Volkanovski, Shevchenko defend at UFC 266; Lawler stops Diaz

·5 min read

LAS VEGAS (AP) — Alexander Volkanovski defended his featherweight title with a bloody, tumultuous unanimous decision over Brian Ortega, and Valentina Shevchenko defended her flyweight belt with a fourth-round stoppage of Lauren Murphy at UFC 266 on Saturday night.

Nick Diaz also lost his first mixed martial arts fight in nearly seven years, declining to go on after Robbie Lawler knocked him down with punches early in the third round on an entertaining show at T-Mobile Arena.

Volkanovski (23-1) dominated the scorecards — 49-46, 50-45 and 50-44 — in his 20th consecutive victory, but the Australian still had to survive an extraordinary challenge from Ortega (15-2), who was relentless despite a bloodied face and a clearly damaged nose. Volkanovski survived a spectacular third round in which both fighters appeared to be moments from finishing the other.

“I thought I was in his head, and then he came back even stronger,” Volkanovski said. “Credit to him. ... It's just preparation. I'm a normal human being. Hard work got me to where I am. Everyone can do what I've done.”

Volkanovski largely controlled the first two rounds with his usual impressive work rate and striking, but a bloodied Ortega knocked him down dramatically with a left hand in the third round.

Ortega pounced and nearly finished the champ with a guillotine choke, but Volkanovski willed his way out of it and got back on top — only for Ortega to escape and to trap Volkanovski in a triangle choke that the champ also barely escaped.

“It was, ’I’m about to lose this ... belt' deep,” Volkanovski said of the guillotine. “That was as deep as it can get. I remember I was making weird noises. Just opened a little bit of space.”

Ortega was allowed to continue after a visit from the ringside doctor despite his apparently broken nose. In the fourth, Ortega got another takedown and nearly landed another choke, but Volkanovski gave a thumbs-up to the referee before escaping and finishing the round raining blows down on a prone Ortega, whose face was bloodied again.

“That absolutely was the best (featherweight) fight I’ve ever seen,” UFC President Dana White said. “I thought (Ortega’s) corner should have stopped the fight after the fourth round, and then he came out and won the fifth round. Incredible. Unbelievable.”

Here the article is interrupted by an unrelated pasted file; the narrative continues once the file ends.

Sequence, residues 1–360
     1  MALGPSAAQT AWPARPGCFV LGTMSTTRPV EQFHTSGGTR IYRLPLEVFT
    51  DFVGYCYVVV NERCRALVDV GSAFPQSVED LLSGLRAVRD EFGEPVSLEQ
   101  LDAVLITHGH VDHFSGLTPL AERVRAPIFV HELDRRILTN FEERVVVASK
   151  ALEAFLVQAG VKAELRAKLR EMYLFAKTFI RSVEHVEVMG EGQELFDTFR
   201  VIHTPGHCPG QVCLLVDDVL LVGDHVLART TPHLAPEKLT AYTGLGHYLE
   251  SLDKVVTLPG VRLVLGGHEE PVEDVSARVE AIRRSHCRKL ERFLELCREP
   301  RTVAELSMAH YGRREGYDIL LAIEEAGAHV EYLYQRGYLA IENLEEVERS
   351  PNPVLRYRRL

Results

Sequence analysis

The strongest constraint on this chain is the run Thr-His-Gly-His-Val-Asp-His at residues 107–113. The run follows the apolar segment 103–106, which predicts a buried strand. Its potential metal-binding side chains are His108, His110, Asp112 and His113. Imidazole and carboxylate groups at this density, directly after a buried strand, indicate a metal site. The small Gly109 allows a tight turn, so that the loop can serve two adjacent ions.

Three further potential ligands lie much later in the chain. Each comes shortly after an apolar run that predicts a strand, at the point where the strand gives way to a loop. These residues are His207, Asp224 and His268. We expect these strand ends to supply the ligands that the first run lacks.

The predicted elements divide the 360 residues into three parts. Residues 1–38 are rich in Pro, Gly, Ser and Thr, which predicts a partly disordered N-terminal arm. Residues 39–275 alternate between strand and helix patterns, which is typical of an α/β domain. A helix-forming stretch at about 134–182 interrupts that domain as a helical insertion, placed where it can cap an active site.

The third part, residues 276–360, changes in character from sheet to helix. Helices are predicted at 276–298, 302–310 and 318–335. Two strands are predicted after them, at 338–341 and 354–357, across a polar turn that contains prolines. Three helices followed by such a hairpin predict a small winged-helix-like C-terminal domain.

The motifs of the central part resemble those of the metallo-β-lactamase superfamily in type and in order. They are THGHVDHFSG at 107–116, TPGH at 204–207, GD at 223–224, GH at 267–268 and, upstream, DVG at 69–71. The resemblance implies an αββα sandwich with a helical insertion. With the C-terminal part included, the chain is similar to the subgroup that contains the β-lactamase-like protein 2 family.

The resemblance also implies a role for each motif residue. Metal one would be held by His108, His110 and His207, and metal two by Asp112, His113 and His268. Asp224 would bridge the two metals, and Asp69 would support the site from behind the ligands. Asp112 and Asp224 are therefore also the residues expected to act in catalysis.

Both fighters received multiple standing ovations after the final bell. Ortega was taken to a hospital after the fight.

“I thought he was done," Ortega said. “I was trying to go for his head, but he’s tough as hell. I tried to finish him. I heard him gargling, but he slipped out. He’s the champ for a reason.”

Shevchenko (22-3) cemented her status as one of MMA’s most dominant champions with her eighth consecutive victory over the last four years, including six stoppages.

The champion from Kyrgyzstan steadily wore down Murphy (15-5) over the first three rounds before stunning Murphy with a right hook and then battering her across the cage and onto the canvas, where she finished with punches and elbows on the ground.

Shevchenko said she won't set goals for consecutive victories or title defenses, instead only seeking to learn “how far I can go. To discover what is my limit as a human. What is my limit as a martial artist.”

The 38-year-old Murphy had won five straight bouts since July 2018 to earn the first UFC title shot of her late-blooming MMA career. Yet she was little more than a tough sparring match for Shevchenko, who hasn't lost to anyone in the past 11 years except two-belt champion Amanda Nunes.

Despite her divisional dominance, Shevchenko said she probably won’t try to move up or down.

“I’m ready to fight anyone, and the flyweight division has so many strong fighters,” she said.

The raucous Vegas crowd cheered the loudest for Diaz (26-10), a wildly popular 38-year-old fighter who walked away from the sport in early 2015.

In his return, Diaz traded a high volume of strikes with Lawler (29-15) for two exciting rounds during his return at T-Mobile Arena. But Diaz then crumpled awkwardly to his knees after Lawler caught him with a check right hook early in the third.

Diaz rolled onto his back when Lawler hit him again with a left hand, but Lawler declined to go to the ground with Diaz, instead gesturing at him to get up. The referee then spoke to Diaz, who indicated he wouldn't or couldn't go on 44 seconds into the third round.

Diaz still impressed White.

“For a guy who hasn’t fought in that long and hasn’t really been training, he looked way better than I expected,” White said. “He’s tough, durable and just a natural fighter.”

Afterward, Diaz disclosed he might have injured his knee, but made no excuses or apologies for his performance in his return.

“I'm glad at least I put on a show,” Diaz said. “I knew I had it coming. There was a lot of stress coming into this one. ... I don't have any excuses. It was a long time off.”

The 39-year-old Lawler ended his own four-fight losing streak by winning the rematch of these MMA pioneers' famed 2004 meeting at UFC 47. Diaz stopped Lawler in that bout for one of his most memorable victories.

Lawler appeared to be much sharper in the rematch than Diaz, who finally found a striking rhythm late in the first round before tiring in the second.

"It was a fun fight, and that's the stuff I like to do," Lawler said.

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